Confessional Poem


I worked at the SLC State Liquor Store,

Sugarhouse location.

We opened at nine and the line was around the block.

They came to us like sleepless lovers.

They filled up my shift

with black straw, with trying to talk

they were stuffed into the hours

of the day, like black straw—

they were real people but that’s how I thought

of them. Or as the dreams the hours

could not have, wearing newspapers in their coat

for warmth, while the cold air

carved their features,

as if from wax.

I used to say they could not dream—

so the night dreamed them.

They were people that deserved better

             but I was young

and I was cruel.

They used exact change—

held so tightly it was hot to the touch.

Something in that exchange more intimate

than a kiss.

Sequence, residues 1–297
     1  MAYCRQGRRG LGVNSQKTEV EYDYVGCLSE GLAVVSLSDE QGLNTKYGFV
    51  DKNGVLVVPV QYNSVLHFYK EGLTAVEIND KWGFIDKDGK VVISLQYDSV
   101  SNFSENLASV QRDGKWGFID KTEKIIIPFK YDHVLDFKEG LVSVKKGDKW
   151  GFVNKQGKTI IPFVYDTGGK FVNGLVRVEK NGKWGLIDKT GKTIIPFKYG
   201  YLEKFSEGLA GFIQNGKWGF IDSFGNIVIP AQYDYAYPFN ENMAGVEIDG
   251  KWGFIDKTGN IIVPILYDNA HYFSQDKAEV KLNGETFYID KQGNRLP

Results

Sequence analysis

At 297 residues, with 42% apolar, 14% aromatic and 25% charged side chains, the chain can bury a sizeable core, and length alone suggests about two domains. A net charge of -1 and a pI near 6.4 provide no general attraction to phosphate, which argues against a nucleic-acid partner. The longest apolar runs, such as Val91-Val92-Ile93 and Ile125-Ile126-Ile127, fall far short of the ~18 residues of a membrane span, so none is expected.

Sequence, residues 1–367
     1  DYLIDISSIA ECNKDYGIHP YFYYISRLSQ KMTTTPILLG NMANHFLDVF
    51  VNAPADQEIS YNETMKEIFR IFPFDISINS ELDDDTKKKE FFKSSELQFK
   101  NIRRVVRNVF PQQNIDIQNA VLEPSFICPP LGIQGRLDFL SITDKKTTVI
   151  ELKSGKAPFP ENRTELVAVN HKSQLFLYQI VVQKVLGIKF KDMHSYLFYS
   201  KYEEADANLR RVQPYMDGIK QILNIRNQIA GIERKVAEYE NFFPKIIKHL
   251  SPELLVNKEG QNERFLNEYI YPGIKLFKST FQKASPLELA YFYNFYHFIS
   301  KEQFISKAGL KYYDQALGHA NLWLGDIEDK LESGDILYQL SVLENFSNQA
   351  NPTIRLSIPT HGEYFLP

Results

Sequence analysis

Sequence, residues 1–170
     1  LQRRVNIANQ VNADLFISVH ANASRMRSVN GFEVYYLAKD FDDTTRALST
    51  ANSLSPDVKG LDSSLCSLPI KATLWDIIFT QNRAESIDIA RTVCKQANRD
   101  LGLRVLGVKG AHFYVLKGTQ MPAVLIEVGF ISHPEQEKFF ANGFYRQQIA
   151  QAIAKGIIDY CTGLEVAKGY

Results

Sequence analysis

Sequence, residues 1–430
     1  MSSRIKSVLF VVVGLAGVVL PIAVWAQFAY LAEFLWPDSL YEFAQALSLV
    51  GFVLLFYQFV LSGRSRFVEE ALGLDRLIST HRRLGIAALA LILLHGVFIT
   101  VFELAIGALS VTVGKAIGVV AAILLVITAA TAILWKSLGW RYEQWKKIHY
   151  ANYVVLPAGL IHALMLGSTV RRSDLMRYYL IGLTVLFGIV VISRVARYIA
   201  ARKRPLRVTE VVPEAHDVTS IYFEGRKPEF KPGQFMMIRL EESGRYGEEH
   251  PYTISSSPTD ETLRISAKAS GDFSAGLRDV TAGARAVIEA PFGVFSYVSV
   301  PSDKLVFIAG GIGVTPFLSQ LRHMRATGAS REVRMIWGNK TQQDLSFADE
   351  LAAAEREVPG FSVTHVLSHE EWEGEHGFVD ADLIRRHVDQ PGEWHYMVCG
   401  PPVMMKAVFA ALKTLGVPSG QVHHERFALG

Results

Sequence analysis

Like panicking together.

A coal passed back and forth.

A blood cell split between friends.

Their dollars bills had the consistency of cream,

would turn your hands black—

they’d tell you to wear gloves.

But no one ever did.

How do you bear it, the space

you create around yourself?

The rooms behind rooms, the words that wait

behind each of these words,

like the True Princess of the realm

hidden in the street,

the blood diamond in the mud,

sparkling in the water

as the miners murder each other out of poverty

and frustration.

There’s something behind each word—

that it disguises and replaces

scratches and effaces

a thing so exquisitely empty that you could even call it

             a soul.

Or a place to put your head at night,

when it’s cold.

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